Spatial distribution in a temperate coastal ecosystem of the wild stock of the farmed oyster Crassostrea gigas (Thunberg)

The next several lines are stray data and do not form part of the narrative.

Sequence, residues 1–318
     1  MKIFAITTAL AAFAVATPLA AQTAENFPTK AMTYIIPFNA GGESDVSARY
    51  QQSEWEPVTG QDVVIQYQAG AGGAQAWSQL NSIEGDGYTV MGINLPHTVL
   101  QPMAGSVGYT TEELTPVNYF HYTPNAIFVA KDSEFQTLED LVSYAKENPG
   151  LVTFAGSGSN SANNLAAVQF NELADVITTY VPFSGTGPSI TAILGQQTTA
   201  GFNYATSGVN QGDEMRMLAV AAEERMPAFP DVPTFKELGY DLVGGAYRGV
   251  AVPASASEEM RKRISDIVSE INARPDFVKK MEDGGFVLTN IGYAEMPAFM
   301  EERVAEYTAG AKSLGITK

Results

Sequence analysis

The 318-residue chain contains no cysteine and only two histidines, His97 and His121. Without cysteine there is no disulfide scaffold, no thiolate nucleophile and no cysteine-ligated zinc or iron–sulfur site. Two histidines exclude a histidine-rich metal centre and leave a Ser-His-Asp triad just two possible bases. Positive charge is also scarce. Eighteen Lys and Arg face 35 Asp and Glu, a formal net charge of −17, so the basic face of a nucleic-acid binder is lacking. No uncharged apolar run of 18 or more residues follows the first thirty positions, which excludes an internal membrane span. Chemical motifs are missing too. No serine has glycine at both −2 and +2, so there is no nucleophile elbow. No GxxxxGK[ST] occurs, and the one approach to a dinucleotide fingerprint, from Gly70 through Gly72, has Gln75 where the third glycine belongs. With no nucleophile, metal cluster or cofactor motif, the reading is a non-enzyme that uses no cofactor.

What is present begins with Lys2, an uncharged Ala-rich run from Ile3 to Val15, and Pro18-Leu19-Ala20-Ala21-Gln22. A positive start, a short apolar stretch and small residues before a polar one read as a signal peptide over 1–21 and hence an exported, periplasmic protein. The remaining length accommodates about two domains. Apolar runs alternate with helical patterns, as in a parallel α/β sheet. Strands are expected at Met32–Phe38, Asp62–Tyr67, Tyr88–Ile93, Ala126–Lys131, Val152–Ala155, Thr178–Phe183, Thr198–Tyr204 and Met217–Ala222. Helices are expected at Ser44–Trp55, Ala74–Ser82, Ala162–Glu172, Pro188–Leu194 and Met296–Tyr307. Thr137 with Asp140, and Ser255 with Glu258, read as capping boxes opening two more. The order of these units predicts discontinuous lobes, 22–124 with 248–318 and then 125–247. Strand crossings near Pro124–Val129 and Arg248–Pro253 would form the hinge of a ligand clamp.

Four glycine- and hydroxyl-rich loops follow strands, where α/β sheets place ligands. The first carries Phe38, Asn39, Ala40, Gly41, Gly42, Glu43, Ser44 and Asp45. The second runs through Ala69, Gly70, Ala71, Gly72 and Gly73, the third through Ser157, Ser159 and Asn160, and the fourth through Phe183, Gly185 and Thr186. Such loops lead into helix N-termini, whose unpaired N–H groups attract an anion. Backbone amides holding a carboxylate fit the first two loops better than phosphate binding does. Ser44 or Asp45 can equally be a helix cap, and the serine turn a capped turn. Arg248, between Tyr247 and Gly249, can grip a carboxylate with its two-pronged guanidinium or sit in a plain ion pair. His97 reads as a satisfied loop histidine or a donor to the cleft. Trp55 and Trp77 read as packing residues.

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1 Please note that this is an author-produced PDF of an article accepted for publication following peer review. The definitive publisher-authenticated version is available on the publisher Web site Aquaculture Vol. 259, Issues 1-4, 8 September 2006, P Elsevier Archimer, archive institutionnelle de l Ifremer Spatial distribution in a temperate coastal ecosystem of the wild stock of the farmed oyster Crassostrea gigas (Thunberg) Bruno Cognie a, Joël Haure b and Laurent Barillé a a Université de Nantes, Laboratoire de Biologie Marine, UPRES EA 2663, Faculté des Sciences et des Techniques, 2 rue de la Houssinière, Nantes, F-44322, France b IFREMER, Laboratoire Conchylicole des Pays de Loire, Polder des Champs, Bouin, F-85230, France Corresponding author : Abstract: The Pacific oyster, Crassostrea gigas, well known throughout the world because of its ability to adapt to a wide range of environmental conditions, was introduced for cultivation into France on a massive scale in the 1970s. With global warming, the reproductive population, confined at the beginning to the south of the French Atlantic coast, became established at more northern latitudes (above N), and wild C. gigas began to colonize coastal areas such as our study site, Bourgneuf Bay (1 2 W, N), an oyster-farming site. An original approach, based on orthophotograph analysis and in situ biomass sampling, revealed that, in the northern part of this bay, more than 70% of the total C. gigas biomass was composed of wild oysters (i.e. C. gigas not bred by oystermen). The analysis of the spatial distribution of wild oysters indicated that 75% of the stock consisted of wild oysters in natural beds (rocky areas) and on low retaining walls of former fisheries. Wild C. gigas also colonized oysterfarming structures with lower biomasses (21% of the stock composed of wild oysters), but locally they could reach densities of up to 55 kg.m 1 i.e. 2.5 times the mean biomass of cultivated oysters. The economic and ecological consequences of this colonization by C. gigas of an oyster culture site are discussed. Wild oyster seems to be the principal trophic competitor of cultivated oysters in Bourgneuf Bay. This may partly explain the decrease in growth of cultivated oysters observed in this bay during the last decade. Moreover, the trophic and spatial competition exerted by wild oysters may also affect the native biota and, in particular, the honeycomb worm Sabellaria alveolata. The results obtained in this study have led oyster farmers and regional authorities to modify oysterfarming practices and to destroy wild oyster stocks in concession areas. Résumé Keywords: Crassostrea gigas; Introduced species; Wild stock; Invasion; Orthophotographs 1